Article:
You can now make a retro Ferrari 400 from a GTC4LussoAres Design kicks off a raft of new projects: Tesla shooting brake, classic 964 and more
Dany Bahar is a survivor. He’s also someone with an amazing ability to gather top-tier talent around him when a business idea strikes. The former Red Bull and Ferrari marketing wizard, who later and controversially gambled on a massive expansion plan when he became CEO of Lotus, has just formally opened his next project: Ares Design, a contemporary carrozzeria/coachbuilder based in the heart of Italy’s motorsport valley in Modena.
For anyone who still doubts Bahar’s motivations, Ares Design’s HQ is a pretty effective means of shutting down the naysayers. Housed in an 18,000-square metre former Fiat and Alfa Romeo dealership, Bahar and his principal partner in the business, Waleed Al Ghafari – a telecoms entrepreneur who bid on and owns the Aston Martin DB10 featured in the Bond film Spectre, following a charity auction – have already delivered more than 150 cars, and have plans to grow the workforce beyond the 110 people already employed.
Bahar insists that there is a potent global demand for one-off cars amongst wealthy post-economic individuals for whom existing firms like Touring or Zagato, and indeed Ferrari, JLR and McLaren’s special ops divisions, don’t go far enough – and charge too much money for the pleasure.
“The future of customisation can go much further than stitching and trim,” Bahar says. “Coach-building isn’t some strange extra-terrestrial thing, it’s something you can really do. Our projects respect the relevant local safety and homologation laws, while giving our clients the level of differentiation they demand. The cars are expensive, of course, but the figures are realistic given our client base, and we don’t want to go crazy.”
Inspect Ares’ facilities and it’s clear the company is channelling the spirit of the coachbuilders that marked out Italy as a creative and artisanal hotbed in the pre- and post-war eras. Modified Porsche 911s and Land Rover Defenders are just the base-line from which it starts.
Design boss Mihai Panatescu has the ability to match the company’s ambition, as the recently revealed Panther project confirms. This is a stunning reboot of the De Tomaso Pantera based on Lamborghini Huracan underpinnings, although it stretches the homologation envelope somewhat by altering the donor car’s A-pillars and including pop-up headlamps.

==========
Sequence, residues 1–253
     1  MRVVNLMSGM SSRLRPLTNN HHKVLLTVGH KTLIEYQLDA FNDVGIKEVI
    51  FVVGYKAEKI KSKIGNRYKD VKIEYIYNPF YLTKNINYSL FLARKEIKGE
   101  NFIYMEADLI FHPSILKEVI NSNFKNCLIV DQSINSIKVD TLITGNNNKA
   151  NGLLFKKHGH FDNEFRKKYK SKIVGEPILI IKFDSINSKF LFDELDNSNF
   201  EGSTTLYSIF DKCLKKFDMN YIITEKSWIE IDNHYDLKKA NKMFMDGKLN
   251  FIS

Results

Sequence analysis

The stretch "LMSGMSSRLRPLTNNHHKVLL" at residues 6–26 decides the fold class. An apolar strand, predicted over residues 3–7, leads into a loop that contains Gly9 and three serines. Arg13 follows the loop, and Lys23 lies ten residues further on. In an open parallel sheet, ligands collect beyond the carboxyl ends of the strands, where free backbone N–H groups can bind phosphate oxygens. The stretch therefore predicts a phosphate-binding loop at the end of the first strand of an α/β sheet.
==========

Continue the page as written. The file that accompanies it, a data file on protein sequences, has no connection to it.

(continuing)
Inspired by a client’s love of the 1970s Ghia-designed original, Ares says it has seven other orders for the Panther. “We use CFD to validate the design, and to ensure that the base car’s aerodynamics and cooling requirements aren’t compromised,” Panatescu tells TG.
Ares is also exploring the lucrative resto-mod market, and will re-engineer a Porsche 964 to fit a 991-sourced PDK transmission and steering, the front axle and brakes from a 997 model, as well as the sat nav from the latest Panamera. Another recent project blended the body from a one-owner, 53-year old Corvette Stingray with the chassis and powertrain from the Vette C6.
Around £600k gets you the carbon-bodied, Mercedes G-Class 4x4 squared X-Raid, and Ares has also taken advantage of Bentley’s failure to replace its huge Brooklands model by creating an impressively engineered Mulsanne coupe. Elsewhere, a Ferrari GTC4lusso is about to sacrifice its innards to re-emerge as a 2018 homage to the once-unloved but newly cool Ferrari 400, and a Porsche 918 is going under the knife on behalf of a Swiss client.
“It’s not special-looking enough for him,” Bahar smiles. “The real value here is to make the customer happy with the car he or she has designed. We help them realise their dream, and there’s a rising demand for that. It’s not a rational investment, it’s an emotional one.”
Significantly, however, Ares Design has been profitable since year one, and though Bahar has plans to grow the business, he’s keeping the ambitions in check. Nor is he interested in building his own car, or becoming a consultancy. This isn’t a Lotus-style odyssey. “I don’t think we have the ego to do our own car,” he says. “We’re customer-demand focused, not strategically driven.”